Integrated Nanophotonics in Silicon

Thursday, January 06, 2011
6:00 PM
Free and open to the public

Silicon is an ideal material system for integrated optics at telecommunications wavelengths, and the past ten years have produced a variety of exciting device results using silicon nanoscale waveguides. With a combination of CMOS electronics and photonics in the same chip, we can gain control of both photons and electrons on the nanometer scale, while preserving the powerful economics of VLSI revolution. This is expected to be a critical technology platform for optical interconnects and data center applications. Furthermore, silicon waveguides can be engineered for low optical loss and high cladding overlap, while preserving nano-scale modal areas: As a result, it is possible to add highly nonlinear engineered organic claddings to silicon waveguides, in order to create ultrafast nonlinear devices. This talk will review of the Nanophotonics Group's recent work in chip-scale nonlinear optics, while providing a very brief overview of our other projects in biosensing, optomechanics, and mid-infrared photonics. Lastly, a recent initiative, called OPSIS, to create an open foundry for fully integrated optoelectronic devices and systems in silicon will be discussed.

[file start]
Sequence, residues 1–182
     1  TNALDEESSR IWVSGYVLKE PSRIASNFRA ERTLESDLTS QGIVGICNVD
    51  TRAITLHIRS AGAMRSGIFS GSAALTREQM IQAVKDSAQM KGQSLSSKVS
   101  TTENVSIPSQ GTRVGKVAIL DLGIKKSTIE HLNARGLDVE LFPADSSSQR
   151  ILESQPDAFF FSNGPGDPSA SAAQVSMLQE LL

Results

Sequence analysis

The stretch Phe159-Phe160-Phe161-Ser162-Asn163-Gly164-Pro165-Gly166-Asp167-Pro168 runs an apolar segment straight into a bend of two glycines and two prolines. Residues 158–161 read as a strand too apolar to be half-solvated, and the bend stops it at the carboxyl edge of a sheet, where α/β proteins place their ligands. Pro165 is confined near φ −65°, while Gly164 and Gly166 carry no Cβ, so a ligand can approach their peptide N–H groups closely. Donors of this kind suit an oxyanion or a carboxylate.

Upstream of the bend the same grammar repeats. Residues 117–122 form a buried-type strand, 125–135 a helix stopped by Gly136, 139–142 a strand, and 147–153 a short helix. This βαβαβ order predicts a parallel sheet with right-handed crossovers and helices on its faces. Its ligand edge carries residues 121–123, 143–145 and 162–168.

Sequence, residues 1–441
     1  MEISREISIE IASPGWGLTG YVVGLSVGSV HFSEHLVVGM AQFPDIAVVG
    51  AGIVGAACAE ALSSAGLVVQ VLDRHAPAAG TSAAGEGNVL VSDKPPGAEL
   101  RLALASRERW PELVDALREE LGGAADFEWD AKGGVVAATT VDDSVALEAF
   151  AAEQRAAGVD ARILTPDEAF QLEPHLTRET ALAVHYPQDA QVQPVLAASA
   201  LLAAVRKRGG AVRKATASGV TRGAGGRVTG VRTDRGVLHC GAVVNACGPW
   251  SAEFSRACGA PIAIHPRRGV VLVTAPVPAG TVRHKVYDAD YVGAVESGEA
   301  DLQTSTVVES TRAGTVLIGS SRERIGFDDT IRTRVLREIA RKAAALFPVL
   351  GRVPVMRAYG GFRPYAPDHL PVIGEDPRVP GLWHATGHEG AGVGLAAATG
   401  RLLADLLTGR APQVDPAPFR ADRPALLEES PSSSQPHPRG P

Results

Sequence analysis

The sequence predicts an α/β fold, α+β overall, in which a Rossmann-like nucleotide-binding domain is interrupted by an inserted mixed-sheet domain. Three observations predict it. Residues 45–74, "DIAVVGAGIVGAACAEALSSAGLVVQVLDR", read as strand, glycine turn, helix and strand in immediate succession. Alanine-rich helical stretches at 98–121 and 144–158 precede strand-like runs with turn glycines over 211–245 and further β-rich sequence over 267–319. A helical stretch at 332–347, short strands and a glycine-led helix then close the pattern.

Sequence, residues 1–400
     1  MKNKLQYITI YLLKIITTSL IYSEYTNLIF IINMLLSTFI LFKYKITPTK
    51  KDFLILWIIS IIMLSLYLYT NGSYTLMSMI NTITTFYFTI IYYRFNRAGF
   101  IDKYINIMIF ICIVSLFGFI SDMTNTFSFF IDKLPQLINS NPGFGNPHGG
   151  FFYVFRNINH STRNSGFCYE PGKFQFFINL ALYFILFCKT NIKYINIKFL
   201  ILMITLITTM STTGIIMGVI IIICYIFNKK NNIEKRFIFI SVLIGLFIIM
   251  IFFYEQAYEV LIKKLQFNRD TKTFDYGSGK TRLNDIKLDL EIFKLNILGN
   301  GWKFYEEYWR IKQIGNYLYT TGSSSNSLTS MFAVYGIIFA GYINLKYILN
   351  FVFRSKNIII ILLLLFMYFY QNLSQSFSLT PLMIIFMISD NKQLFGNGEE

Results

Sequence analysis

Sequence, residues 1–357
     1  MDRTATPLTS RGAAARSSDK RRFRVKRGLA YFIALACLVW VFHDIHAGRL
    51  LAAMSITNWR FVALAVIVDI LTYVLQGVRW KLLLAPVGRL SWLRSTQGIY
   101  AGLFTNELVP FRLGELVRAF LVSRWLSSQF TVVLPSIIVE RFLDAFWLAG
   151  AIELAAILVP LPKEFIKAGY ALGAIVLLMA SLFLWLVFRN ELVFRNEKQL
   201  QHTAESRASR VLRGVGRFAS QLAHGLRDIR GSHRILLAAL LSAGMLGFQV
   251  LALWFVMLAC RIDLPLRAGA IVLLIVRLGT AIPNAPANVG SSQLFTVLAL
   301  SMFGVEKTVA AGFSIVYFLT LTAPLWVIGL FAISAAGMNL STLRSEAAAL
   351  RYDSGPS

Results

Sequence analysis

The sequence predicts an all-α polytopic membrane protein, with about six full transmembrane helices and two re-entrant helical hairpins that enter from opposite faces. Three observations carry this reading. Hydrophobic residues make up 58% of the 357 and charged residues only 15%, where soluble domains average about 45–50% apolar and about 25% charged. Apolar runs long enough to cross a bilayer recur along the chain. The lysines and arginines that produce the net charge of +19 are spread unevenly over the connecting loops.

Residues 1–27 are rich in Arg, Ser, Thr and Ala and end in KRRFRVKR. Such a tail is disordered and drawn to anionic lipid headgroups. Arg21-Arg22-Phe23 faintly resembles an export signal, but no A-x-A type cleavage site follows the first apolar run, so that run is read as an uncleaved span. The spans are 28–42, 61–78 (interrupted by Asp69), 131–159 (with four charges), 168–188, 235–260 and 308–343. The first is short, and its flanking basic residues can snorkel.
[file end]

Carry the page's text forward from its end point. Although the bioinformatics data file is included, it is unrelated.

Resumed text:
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Michael Hochberg

Assistant Professor
University of Washington